Auto Right-of-Way Laws Are Where America Went Wrong
Before the widespread adoption of the automobile, every road user had to think critically about whose turn it was to go — and a pedestrian in a car's path *always* meant the driver had to stand down.
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Were American streets safer before the invention of modern traffic laws governing vehicle right of way?
That’s the provocative question behind a new video from the City Beautiful, which explores the surprising origins of the rules that govern our roads. In the early days of the automobile, concepts like speed limits and stop signals were totally unheard of — and that meant that the earliest drivers had to pay attention to their surroundings and make conscious, dynamic decisions about how to pilot their horseless carriages, rather than simply doing whatever road signs and lane markings told them to do.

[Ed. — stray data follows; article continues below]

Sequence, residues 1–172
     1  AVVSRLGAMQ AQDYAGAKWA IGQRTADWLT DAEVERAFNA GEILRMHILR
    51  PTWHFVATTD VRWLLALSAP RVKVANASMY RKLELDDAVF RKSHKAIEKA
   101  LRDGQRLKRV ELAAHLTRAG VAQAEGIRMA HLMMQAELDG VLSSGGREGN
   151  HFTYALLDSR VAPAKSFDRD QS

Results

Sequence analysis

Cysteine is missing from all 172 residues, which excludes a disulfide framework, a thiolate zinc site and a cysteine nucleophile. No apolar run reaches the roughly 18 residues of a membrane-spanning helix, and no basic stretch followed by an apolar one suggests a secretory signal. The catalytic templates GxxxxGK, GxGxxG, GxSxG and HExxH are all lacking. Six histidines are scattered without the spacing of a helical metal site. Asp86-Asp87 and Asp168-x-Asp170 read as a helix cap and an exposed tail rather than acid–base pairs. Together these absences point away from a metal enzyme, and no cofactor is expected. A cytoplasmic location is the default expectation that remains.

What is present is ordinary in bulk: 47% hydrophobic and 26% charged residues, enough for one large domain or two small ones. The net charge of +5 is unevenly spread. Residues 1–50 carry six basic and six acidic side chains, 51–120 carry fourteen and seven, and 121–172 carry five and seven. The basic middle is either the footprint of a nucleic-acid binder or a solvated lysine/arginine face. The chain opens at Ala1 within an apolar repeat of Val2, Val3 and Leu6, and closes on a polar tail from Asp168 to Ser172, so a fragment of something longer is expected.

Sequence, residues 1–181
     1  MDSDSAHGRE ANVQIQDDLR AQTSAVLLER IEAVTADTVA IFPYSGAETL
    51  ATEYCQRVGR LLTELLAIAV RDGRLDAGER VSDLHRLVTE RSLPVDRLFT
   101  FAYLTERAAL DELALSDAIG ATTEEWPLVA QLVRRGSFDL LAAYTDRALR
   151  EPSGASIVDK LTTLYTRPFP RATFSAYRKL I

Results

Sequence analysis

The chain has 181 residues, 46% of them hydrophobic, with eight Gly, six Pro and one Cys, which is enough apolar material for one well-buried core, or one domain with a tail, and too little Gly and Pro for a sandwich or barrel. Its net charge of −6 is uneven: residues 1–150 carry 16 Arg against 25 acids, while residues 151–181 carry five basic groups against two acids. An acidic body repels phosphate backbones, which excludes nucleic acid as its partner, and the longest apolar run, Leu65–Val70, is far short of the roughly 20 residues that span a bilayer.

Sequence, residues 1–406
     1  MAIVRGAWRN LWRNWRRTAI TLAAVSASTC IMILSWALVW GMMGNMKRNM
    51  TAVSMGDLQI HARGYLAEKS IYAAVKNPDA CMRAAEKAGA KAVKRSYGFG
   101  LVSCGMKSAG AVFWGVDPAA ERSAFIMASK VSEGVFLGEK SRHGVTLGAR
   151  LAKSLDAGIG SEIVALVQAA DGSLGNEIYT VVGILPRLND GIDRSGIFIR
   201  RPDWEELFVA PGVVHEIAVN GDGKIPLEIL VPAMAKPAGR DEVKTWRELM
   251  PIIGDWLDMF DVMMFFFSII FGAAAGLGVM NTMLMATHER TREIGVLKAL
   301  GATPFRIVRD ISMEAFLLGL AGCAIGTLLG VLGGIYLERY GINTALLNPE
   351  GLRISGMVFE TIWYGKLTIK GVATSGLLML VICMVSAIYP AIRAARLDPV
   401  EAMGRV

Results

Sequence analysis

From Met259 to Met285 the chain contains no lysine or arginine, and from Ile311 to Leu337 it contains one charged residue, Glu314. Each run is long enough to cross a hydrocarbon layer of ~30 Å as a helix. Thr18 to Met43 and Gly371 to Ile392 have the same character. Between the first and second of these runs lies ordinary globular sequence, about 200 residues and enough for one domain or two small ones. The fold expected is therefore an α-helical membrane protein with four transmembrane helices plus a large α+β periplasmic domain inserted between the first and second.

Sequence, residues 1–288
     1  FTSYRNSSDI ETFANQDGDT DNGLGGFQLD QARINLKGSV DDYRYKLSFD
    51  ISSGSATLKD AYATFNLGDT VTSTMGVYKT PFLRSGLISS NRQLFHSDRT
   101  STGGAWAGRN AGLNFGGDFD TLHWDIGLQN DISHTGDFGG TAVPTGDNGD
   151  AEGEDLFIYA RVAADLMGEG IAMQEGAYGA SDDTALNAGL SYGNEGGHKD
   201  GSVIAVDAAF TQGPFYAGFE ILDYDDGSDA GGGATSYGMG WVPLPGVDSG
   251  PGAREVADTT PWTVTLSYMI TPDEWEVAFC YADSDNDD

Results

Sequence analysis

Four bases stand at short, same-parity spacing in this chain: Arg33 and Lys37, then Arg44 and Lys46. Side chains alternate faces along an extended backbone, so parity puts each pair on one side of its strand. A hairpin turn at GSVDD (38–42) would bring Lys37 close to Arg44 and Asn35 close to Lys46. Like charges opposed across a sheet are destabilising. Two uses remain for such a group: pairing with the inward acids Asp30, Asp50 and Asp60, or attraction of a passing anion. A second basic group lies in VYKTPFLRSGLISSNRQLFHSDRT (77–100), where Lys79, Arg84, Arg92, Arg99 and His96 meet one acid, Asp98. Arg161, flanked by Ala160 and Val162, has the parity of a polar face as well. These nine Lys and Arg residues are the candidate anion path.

But as cars got faster, drivers didn’t always slow down and think through what was best for their fellow road users — and pedestrian death tolls started to rise. Desperate for an end to the carnage, communities around the world looked to regulatory solutions, and most of them decided it was time to adopt the system of traffic signals and right-of-way laws we have today.
The upside: drivers could suddenly get clear guidance on their legal obligations to keep other road users safe, simply by looking around. The downside: when those laws didn’t succeed in saving pedestrian lives, drivers no longer had to defend their unconscionable choices behind the wheel. They could say they were simply doing their best to follow the law — and just like today, drivers usually got off scot free.
It was a fateful decision that changed the course of transportation forever — but it wasn’t without its detractors. Watch the whole video to learn what could have been, and what still could be, if we fundamentally rethink the laws that govern our streets: